Holbourne Island became well known in 1875, when 18 survivors of the shipwreck SS Gothenburg reached its shores. Four survivors arrived on a damaged port lifeboat on 25 February, where they survived by eating raw bird's eggs and drinking rain water that had pooled in the island rocks. The following day, 14 survivors from a starboard lifeboat also landed. Because rescue was uncertain, the survivors engraved their names on the concave side of a large turtle shell, which is displayed in the South Australian Museum, on North Terrace in Adelaide.
On Sunday, 28 February, 15 of them set off in the starboard lifeboat for an island about 20 miles (32 km) away to the south, which seemed to be more in the track of ships. A rescue ship sent looking for survivors of the Gothenburg, picked up the group and took them safely to Bowen. The ship subsequently returned to Holbourne Island and rescued the three remaining survivors.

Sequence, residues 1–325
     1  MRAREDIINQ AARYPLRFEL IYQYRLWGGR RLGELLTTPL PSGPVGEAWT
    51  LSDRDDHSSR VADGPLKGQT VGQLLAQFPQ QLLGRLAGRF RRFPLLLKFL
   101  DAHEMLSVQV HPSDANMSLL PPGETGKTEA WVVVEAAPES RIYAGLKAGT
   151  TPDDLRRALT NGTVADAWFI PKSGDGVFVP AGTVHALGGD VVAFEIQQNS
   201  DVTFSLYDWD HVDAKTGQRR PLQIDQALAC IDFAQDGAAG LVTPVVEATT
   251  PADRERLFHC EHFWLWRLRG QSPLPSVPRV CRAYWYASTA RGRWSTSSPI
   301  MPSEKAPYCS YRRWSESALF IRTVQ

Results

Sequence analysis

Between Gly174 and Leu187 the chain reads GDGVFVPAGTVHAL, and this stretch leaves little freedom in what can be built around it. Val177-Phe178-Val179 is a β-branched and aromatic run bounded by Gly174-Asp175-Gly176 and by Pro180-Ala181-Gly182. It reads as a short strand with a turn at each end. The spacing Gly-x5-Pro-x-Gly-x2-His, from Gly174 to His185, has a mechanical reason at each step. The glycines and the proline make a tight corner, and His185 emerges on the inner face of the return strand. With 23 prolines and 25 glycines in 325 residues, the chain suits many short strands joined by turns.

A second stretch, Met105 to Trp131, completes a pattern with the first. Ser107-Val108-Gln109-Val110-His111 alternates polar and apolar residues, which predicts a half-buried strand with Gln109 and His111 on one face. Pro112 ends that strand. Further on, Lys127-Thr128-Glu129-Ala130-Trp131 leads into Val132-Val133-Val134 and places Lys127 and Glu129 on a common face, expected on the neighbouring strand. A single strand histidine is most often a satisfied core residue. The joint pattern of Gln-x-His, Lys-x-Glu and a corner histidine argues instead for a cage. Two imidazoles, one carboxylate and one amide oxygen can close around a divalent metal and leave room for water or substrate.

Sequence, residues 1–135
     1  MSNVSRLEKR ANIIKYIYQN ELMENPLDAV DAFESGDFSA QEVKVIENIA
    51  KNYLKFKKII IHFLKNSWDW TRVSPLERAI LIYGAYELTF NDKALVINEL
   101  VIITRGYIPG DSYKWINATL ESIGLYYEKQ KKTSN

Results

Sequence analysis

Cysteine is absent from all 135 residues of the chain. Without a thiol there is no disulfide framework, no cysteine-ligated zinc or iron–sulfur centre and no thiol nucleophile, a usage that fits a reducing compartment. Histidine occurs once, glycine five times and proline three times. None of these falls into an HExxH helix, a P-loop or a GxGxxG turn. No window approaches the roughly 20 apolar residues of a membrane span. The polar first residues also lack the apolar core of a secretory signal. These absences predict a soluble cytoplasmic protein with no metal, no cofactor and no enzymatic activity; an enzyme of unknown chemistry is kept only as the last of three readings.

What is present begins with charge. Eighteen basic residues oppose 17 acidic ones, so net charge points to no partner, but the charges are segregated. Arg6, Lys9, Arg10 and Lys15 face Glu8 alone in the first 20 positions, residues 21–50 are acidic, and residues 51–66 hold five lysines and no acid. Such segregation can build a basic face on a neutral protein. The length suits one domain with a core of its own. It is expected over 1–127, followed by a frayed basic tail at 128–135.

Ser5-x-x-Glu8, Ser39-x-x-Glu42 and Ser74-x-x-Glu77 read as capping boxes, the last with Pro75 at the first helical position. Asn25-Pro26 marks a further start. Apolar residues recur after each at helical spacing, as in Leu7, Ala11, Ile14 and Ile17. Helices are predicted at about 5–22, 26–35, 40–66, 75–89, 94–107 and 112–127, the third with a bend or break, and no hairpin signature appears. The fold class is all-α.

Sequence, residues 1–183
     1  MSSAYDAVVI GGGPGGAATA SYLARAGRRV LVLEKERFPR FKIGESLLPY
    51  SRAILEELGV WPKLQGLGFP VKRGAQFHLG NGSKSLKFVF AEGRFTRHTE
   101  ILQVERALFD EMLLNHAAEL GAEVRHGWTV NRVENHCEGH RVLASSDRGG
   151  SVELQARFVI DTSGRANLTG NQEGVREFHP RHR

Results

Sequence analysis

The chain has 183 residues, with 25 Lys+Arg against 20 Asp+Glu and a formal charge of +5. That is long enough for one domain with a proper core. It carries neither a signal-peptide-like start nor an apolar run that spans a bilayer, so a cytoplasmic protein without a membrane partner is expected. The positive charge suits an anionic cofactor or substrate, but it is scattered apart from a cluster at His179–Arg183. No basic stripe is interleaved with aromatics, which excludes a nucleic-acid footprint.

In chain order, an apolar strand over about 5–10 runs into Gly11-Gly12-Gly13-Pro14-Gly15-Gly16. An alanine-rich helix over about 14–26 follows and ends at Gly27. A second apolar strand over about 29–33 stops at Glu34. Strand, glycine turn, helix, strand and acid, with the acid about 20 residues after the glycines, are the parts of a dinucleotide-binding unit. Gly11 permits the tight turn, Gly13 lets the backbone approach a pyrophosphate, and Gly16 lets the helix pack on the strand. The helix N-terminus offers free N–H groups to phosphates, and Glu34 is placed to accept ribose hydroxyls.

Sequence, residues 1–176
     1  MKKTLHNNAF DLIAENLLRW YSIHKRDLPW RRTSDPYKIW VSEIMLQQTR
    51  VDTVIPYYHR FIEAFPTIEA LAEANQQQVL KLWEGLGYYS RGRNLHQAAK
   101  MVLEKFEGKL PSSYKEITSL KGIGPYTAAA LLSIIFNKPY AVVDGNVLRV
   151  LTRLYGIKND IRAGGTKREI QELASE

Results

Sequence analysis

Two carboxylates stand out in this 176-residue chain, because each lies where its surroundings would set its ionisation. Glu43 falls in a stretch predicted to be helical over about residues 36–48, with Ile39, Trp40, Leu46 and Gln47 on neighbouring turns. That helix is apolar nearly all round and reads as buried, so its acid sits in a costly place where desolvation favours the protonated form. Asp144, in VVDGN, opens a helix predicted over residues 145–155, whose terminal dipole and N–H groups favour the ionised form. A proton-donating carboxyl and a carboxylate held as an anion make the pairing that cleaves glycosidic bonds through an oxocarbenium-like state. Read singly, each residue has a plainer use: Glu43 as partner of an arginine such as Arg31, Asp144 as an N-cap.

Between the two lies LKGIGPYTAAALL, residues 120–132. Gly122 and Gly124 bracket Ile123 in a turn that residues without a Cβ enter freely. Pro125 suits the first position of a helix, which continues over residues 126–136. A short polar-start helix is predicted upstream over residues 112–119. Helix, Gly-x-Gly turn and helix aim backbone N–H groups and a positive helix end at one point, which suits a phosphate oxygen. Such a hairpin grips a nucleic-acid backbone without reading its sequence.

On 2 September 2001, the 50,000 gross ton bulk carrier Pax Phoenix departed Hay Point, Queensland bound for India via Singapore. While passing Holbourne Island, an oil slick was noticed and described as being 60 to 80 metres (200–260 ft) in width. Although there were concerns about the effect on the island and wildlife, it eventually dispersed naturally out to sea without impact.
- McInnes, Allan (1982). Wreck of the Gothenburg: Read to a Meeting of the Society on 25 February 1982.
- Australian Government Archived 10 November 2007 at the Wayback Machine (2008). Great Barrier Reef Marine Park Authority. Retrieved online 19 January 2008.
- Australian Government Archived 27 March 2008 at the Wayback Machine (2006). Major Oil Spills in Australia: Pax Phoenix. Retrieved online 19 January 2008.
- Bateman, Daniel (2009). Coral sea's Bermuda Triangle. Townsville Bulletin. Retrieved on 16 June 2009.